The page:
52 pages 1 hour read

Supriya Kelkar


Fiction | Novel | Middle Grade | Published in 2017

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Symbols & Motifs

The Charkha

The first major change in Anjali’s life is the transition to wearing khadi, or homespun clothing, which is made on a charkha, or loom. To her, the charkha symbolizes the freedom movement in India and, correspondingly, symbolizes her mother, who drew her into the movement. In fact, learning to use the charkha and seeing her mother spin thread is what begins to warm Anjali to the idea of her mother as a freedom fighter, even though she’s resistant at first. Anjali’s successful use of the charkha foreshadows her interest and full-scale investment in the movement. Her reaction to using the charkha shows her excitement and the spark of interest in being part of the freedom movement: She “looked proudly at the thread. She had actually done it. She had made the beginnings of homespun clothes. Just like Gandhiji” (62).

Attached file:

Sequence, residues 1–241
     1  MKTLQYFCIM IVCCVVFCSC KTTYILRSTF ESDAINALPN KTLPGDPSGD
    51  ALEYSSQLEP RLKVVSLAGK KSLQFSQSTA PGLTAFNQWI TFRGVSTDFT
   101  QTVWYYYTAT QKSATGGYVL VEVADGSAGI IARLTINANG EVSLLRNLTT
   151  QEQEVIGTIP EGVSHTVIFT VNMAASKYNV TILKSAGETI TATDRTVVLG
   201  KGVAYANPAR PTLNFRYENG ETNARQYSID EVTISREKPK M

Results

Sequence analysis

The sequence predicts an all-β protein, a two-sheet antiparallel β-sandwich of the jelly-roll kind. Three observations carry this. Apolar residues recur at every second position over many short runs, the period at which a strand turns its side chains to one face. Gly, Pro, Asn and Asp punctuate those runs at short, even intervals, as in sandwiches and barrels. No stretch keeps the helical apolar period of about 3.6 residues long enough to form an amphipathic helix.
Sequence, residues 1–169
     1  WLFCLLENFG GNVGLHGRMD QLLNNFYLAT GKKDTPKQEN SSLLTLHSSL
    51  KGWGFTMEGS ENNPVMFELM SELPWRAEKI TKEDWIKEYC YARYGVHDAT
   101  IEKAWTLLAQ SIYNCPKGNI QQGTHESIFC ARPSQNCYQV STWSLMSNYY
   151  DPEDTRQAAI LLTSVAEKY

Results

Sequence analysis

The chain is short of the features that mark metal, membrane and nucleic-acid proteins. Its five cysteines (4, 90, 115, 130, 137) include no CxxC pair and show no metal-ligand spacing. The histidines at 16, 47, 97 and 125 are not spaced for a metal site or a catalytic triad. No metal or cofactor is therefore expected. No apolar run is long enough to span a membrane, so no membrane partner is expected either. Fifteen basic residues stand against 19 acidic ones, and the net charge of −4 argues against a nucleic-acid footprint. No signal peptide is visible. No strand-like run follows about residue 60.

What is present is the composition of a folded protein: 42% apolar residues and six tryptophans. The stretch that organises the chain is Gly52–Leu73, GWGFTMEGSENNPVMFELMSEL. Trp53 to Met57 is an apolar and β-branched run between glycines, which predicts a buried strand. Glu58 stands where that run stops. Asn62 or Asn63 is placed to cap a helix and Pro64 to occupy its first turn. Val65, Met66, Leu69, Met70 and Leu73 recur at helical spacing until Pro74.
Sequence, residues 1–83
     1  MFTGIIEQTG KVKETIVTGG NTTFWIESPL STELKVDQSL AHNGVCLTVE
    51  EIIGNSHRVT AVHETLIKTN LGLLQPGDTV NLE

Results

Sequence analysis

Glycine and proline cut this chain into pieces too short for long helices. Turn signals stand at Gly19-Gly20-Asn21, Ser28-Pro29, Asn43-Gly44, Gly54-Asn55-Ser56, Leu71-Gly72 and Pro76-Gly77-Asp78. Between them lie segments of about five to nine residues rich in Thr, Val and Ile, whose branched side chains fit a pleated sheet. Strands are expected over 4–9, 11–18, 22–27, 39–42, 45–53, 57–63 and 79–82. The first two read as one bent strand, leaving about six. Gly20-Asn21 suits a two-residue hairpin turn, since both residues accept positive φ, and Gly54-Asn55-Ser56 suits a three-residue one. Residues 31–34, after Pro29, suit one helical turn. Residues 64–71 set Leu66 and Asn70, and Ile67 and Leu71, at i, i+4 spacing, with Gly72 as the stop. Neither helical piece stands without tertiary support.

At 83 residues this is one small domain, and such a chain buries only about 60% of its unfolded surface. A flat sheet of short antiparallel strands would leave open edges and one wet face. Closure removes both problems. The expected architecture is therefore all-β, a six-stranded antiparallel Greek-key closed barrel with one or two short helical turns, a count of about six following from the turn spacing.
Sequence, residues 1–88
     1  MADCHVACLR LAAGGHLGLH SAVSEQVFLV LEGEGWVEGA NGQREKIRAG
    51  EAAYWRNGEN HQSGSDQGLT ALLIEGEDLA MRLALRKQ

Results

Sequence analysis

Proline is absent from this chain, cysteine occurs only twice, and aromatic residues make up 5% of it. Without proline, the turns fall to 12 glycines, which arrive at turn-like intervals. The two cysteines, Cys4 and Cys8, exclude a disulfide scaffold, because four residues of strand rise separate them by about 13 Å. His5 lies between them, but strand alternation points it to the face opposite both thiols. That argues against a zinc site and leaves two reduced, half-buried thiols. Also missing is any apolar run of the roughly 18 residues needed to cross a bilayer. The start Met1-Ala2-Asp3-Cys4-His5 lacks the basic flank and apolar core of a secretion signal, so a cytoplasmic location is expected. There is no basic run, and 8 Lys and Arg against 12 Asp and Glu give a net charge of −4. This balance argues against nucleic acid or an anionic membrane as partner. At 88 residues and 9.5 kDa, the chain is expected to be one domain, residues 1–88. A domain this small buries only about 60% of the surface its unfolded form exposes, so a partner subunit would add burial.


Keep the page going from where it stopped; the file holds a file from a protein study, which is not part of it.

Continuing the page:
When Anjali is at her lowest, she spots the charkha in her home, which reminds her of her imprisoned mother, and pushes it away from her, damaging it slightly. This action represents her frustration with the freedom movement, feeling like it has taken too much from her. Additionally, at this point in this novel, with Ma and Keshavji in prison, Anjali alone must lead the efforts to integrate her school.